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Cord-cutters are about to get cable’s last big exclusive

Published Dec 26th, 2017 9:30PM EST
Watch NFL without cable: Best streaming service
Image: Erin Costa

Cord-cutting might be gutting the profits from the cable industry as we speak, but there’s still one last big club that cable companies have to wield: sports. As we’ve covered before, watching major leagues like the NFL without a cable package is infuriatingly difficult, because major media companies — in the case of the NFL, NBC and CBS — own the broadcast rights, and dictate which channel a game will be on, and where.

But according to a new report from Multichannel, the NFL is soliciting new proposals for the Thursday Night Football package, and it’s seriously considering selling to a streaming company. That would mark the first time a streaming company has bought a major sports broadcast package out from under the cable companies, and perhaps the beginning of the end for cable sports exclusives.

“The NFL has asked media companies to bid on additional seasons of Thursday Night Football, and the league is indicating that if TV networks aren’t interested the package could go to a streaming company like Amazon,” Multichannel says. NBC and CBS currently pay the NFL $450 million for the broadcast portion of the rights.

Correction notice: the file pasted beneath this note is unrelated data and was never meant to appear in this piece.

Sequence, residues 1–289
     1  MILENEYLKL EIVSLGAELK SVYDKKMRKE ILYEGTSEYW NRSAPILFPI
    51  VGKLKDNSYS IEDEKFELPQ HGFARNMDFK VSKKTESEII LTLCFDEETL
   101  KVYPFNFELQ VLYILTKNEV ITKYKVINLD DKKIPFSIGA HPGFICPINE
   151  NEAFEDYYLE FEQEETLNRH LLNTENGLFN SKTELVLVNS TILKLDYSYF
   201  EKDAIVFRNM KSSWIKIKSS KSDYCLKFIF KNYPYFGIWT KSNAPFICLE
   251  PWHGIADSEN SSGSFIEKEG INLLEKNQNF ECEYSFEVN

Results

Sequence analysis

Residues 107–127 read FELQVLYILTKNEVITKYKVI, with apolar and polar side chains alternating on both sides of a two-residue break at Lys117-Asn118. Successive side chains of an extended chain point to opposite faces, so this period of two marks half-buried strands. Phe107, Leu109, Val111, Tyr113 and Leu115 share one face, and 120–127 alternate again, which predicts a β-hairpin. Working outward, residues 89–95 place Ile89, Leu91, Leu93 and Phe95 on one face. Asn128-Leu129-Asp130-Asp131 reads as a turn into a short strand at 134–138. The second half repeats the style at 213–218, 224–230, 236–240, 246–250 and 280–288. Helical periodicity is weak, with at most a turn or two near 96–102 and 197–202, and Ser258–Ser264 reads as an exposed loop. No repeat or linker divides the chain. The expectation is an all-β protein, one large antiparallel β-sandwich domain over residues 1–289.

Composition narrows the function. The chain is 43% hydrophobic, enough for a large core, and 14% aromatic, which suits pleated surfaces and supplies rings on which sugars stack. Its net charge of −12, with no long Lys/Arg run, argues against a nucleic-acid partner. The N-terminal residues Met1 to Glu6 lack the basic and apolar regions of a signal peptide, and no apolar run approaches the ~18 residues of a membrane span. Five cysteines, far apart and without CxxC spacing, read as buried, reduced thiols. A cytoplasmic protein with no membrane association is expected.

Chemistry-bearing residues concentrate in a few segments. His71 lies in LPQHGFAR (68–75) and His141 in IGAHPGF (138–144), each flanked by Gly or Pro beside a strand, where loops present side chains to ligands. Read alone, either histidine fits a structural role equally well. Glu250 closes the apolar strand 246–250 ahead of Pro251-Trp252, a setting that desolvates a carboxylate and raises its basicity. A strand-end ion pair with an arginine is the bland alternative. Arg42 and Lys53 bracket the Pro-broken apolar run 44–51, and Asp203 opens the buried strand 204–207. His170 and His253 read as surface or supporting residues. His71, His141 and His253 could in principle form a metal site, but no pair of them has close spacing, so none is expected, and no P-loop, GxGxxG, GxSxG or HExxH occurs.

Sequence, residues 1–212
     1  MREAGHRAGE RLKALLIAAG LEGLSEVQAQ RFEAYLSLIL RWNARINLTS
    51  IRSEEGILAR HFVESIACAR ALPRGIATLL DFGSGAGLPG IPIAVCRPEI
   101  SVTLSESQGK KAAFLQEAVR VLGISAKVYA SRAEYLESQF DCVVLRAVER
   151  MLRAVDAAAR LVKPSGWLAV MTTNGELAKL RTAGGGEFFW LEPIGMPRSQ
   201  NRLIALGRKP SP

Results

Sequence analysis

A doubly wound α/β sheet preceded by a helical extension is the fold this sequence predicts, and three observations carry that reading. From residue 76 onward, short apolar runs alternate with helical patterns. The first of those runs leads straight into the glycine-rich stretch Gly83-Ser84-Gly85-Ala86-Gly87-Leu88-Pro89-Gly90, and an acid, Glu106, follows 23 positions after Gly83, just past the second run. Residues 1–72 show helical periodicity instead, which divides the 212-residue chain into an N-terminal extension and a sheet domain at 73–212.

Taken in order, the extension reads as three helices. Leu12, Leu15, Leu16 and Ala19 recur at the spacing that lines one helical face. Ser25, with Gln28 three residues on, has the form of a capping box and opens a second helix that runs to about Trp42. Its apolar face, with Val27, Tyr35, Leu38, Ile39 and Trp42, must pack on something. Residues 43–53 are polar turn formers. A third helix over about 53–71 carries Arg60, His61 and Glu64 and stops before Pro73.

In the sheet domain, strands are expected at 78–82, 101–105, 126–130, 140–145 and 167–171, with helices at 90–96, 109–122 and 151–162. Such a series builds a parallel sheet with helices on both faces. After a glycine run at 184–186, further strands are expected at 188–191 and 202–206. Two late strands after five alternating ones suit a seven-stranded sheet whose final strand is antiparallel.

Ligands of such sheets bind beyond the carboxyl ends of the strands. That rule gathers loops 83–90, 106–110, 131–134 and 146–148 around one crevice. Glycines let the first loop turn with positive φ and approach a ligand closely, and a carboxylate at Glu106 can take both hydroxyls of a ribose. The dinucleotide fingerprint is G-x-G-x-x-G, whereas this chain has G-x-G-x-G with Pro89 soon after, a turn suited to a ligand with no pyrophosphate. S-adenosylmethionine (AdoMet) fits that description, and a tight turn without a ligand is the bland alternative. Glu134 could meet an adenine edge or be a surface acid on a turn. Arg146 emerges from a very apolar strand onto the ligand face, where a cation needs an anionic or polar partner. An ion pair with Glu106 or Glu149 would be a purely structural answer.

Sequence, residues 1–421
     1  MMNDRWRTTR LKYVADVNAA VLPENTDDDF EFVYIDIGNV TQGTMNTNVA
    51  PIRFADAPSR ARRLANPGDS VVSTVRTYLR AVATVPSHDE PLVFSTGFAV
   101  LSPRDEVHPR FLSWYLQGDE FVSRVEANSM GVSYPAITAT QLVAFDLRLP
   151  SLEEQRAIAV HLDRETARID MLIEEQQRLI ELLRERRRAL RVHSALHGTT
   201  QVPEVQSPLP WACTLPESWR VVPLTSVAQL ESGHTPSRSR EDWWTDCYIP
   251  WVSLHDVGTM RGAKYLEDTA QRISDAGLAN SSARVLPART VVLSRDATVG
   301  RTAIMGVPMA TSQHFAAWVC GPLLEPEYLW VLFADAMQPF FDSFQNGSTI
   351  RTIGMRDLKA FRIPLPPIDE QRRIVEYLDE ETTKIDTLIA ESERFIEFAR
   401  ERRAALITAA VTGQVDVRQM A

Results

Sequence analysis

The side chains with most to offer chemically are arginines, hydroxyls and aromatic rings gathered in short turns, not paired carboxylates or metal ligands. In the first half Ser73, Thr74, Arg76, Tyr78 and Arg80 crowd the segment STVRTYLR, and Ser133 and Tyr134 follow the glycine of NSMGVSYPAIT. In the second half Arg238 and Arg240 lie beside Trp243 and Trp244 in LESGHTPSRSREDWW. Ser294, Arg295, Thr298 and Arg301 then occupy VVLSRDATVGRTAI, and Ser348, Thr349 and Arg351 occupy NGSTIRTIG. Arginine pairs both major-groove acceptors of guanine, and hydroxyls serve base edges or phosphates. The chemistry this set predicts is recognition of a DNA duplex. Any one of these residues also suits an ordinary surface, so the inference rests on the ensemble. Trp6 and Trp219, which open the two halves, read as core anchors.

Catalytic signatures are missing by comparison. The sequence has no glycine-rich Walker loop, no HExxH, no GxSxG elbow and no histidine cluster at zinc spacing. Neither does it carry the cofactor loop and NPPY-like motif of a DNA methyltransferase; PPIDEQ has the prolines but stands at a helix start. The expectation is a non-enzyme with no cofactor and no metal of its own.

Amazon is named as a likely partner since it already streams the Thursday Night Football games through Amazon Prime Video. But if Amazon buys the full broadcast rights, it would be a big shift in the balance of power, as it would be the first major sports engagement that could exclusively be streamed, rather than watching on cable.

Right now, sports is generally easy to watch on cable, and hard on streaming services. If the big streaming services start directly buying the rights to sports — rather than just paying media companies for the right to stream their cable channels — it could upset the entire distribution business.

Chris Mills
Chris Mills News Editor

Chris Mills has been a news editor and writer for over 15 years, starting at Future Publishing, Gawker Media, and then BGR. He studied at McGill University in Quebec, Canada.

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